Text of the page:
President Barack Obama was persuaded to accuse North Korea of attacking Sony Pictures based on intelligence gathered during a US hack of the country’s networks in 2010, according to US reports.
Attribution of cyber attacks is notoriously difficult, but the US tracked the internal workings of computers and networks used by North Korea’s hackers, the New York Times revealed.
This capability stemmed from a National Security Agency (NSA) mission to break into North Korean networks that led to the US hiding software on systems to monitor North Korean activities.
The NSA was assisted by South Korea and other US allies, the paper said, citing former US and foreign officials, computer experts and a newly disclosed NSA document published in Der Spiegel.
The US has come under fire for not offering enough evidence to back up its accusation of North Korea’s part in the attacks, but the New York Times said the US was reluctant to expose its intelligence-gathering capabilities.
However, the revelation has raised new questions about why the US did not warn Sony Pictures that the attack was underway.
According to unnamed US officials, the NSA should have been able to see the phishing attacks in September that have since been identified as the way hackers got Sony systems administrator credentials to access the network.
Rival theories abound
However, one person briefed on the investigation said the phishing attacks did not look unusual at the time and – even with their view into North Korea’s activities – US intelligence agencies did not understand the severity of the attack on Sony Pictures in November 2014.
But others have suggested the NSA did not warn Sony Pictures because it did not want to reveal the extent of its monitoring capabilities.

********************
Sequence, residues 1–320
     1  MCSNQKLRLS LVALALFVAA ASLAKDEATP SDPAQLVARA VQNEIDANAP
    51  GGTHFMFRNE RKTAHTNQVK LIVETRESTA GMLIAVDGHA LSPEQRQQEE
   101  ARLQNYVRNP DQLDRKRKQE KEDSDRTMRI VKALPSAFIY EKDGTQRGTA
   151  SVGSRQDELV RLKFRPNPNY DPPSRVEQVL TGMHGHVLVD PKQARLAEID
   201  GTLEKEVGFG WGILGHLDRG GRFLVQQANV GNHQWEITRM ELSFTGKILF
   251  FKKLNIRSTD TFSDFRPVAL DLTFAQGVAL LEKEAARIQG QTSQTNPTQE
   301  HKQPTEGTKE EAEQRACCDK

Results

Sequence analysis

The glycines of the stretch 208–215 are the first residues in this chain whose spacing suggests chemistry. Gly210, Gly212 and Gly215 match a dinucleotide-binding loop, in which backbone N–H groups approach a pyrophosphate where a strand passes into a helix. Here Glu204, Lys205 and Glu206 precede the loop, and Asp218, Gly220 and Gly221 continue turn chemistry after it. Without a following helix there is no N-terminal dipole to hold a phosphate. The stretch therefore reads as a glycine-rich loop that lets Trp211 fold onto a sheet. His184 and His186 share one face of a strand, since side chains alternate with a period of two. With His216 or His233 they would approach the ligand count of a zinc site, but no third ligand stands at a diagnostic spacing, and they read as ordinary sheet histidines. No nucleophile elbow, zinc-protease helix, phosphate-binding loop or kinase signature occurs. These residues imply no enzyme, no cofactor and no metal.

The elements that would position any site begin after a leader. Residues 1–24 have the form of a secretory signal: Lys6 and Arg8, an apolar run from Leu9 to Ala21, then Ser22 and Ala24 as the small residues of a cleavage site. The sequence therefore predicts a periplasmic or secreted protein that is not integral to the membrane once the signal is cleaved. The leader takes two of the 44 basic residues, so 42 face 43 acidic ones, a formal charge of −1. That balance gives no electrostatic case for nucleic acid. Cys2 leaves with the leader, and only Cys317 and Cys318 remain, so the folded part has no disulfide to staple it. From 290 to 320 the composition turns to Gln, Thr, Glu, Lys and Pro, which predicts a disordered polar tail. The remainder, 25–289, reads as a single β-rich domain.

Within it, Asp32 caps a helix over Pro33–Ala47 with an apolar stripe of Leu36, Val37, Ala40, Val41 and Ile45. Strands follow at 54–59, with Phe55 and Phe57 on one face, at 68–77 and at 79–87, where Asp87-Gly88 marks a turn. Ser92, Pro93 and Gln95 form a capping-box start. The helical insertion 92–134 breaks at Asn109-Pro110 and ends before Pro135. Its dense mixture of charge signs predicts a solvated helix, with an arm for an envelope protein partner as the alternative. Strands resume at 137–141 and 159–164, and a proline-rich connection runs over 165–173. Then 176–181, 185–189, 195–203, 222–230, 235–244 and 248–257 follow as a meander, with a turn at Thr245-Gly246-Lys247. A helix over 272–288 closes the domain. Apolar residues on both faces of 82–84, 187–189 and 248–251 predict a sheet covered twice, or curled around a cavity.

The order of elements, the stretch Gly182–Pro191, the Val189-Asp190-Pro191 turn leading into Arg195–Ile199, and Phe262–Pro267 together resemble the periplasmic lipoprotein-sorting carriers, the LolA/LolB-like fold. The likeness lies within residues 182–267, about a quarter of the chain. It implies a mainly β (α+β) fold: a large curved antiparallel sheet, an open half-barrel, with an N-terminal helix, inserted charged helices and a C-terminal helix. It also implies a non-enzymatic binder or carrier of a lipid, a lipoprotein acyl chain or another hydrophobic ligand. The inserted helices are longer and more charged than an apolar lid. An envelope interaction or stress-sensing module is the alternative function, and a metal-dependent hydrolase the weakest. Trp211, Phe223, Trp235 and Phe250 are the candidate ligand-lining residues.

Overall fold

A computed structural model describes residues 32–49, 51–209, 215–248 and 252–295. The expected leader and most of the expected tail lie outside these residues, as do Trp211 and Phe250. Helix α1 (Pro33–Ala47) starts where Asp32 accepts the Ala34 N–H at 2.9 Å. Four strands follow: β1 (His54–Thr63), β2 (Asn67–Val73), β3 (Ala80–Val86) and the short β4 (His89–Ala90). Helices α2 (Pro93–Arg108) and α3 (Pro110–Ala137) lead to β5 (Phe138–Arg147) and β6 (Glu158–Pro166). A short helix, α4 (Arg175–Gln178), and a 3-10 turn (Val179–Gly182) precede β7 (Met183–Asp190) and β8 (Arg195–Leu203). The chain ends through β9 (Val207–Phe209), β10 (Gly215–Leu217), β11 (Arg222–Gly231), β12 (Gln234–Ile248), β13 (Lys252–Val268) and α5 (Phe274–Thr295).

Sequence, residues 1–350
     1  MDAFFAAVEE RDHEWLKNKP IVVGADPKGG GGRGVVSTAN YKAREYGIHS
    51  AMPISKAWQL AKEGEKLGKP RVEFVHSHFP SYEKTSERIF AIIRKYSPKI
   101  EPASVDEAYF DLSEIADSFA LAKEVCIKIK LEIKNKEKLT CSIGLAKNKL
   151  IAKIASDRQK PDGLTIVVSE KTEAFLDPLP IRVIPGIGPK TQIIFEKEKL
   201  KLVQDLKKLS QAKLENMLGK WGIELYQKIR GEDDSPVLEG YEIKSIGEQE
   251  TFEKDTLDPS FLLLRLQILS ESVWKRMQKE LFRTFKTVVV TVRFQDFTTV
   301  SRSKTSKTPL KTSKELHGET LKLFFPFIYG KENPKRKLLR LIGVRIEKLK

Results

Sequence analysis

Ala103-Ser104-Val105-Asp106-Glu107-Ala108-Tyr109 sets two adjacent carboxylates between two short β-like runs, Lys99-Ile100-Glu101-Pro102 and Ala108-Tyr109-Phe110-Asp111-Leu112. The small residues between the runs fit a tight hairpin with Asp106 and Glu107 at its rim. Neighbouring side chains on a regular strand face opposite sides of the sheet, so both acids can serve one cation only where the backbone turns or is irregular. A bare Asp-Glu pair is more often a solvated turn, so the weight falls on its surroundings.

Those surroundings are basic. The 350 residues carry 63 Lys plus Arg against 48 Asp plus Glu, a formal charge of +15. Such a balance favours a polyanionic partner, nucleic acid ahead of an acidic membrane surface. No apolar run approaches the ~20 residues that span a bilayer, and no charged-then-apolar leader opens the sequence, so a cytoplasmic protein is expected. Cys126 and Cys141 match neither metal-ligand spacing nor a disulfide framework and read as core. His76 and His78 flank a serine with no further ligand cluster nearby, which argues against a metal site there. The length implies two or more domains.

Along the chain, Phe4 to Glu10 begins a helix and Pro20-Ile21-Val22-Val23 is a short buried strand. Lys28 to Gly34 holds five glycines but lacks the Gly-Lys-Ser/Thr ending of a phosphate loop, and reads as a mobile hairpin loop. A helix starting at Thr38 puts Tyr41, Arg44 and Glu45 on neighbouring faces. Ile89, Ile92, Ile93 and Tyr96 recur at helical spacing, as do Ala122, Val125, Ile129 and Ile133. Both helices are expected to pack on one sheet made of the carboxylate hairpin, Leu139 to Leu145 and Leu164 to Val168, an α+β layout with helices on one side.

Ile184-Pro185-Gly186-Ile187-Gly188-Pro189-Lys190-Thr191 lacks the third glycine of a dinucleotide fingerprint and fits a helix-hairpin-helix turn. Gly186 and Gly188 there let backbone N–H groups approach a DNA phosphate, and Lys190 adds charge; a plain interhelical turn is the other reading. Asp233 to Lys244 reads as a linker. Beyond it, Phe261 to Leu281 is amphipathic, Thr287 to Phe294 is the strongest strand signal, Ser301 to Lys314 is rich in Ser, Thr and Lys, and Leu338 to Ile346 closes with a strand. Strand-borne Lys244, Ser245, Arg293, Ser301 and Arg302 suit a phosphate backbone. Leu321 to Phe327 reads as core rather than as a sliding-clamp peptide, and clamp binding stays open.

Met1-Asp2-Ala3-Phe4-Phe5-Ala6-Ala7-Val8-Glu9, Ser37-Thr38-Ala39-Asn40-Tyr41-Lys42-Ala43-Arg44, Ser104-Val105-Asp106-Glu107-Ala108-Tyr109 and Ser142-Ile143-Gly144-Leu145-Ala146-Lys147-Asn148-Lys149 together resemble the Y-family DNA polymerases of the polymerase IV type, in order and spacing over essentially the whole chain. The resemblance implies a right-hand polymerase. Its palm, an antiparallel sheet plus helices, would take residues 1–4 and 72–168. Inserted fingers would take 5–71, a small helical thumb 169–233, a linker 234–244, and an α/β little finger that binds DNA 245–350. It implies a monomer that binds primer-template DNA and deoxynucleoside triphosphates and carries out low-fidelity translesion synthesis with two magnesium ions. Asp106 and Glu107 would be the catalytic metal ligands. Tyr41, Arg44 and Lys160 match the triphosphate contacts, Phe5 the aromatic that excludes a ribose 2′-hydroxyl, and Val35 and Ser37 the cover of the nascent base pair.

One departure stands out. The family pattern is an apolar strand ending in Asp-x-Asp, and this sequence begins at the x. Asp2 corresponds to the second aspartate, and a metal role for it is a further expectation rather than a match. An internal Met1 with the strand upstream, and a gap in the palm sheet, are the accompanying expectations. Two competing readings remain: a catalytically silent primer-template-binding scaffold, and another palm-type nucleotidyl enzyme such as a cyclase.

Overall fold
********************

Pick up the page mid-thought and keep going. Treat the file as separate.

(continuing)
The attack resulted in the destruction of computers, the leak of sensitive documents including salary details and confidential emails between executives, and the leak of some unreleased films.
It also resulted in Sony film The Interview – a comedy about an assassination attempt on North Korean leader Kim Jong-un – being briefly shelved and then released online.
The US Office of the Director of National Intelligence said the intelligence community was fully aware of North Korean attempts to infiltrate US commercial networks, tracking them routinely, reports the BBC.
“While no two situations are the same, it is our shared goal to prevent bad actors from exploiting, disrupting or damaging US commercial networks and cyber infrastructure,” said spokesman Brian Hale.
Commentators voice skepticism
While the revelation of an NSA foothold in North Korean networks certainly makes the US claim that North Korea was behind the Sony Pictures attack much more believable, independent security consultant Graham Cluley voiced caution.
“It’s healthy to be skeptical – especially as those speaking to the media continue to do so anonymously, with no ability to question their motives for leaking information. And, presumably, the cat is now out of the bag,” he wrote in a blog post.
The New York Times noted that, because of the sophistication of the Sony hack, many experts remained skeptical that North Korea was the culprit, or at least the lone culprit.
Some have suggested it was an insider, a disgruntled Sony ex-employee – or an outside group cleverly mimicking North Korean hackers.
The paper said many experts remained unconvinced of the FBI director James Comey’s claim that, while the Sony attackers had largely concealed their identity by using proxy servers, on several occasions they “got sloppy” and connected directly, revealing their own IP address.
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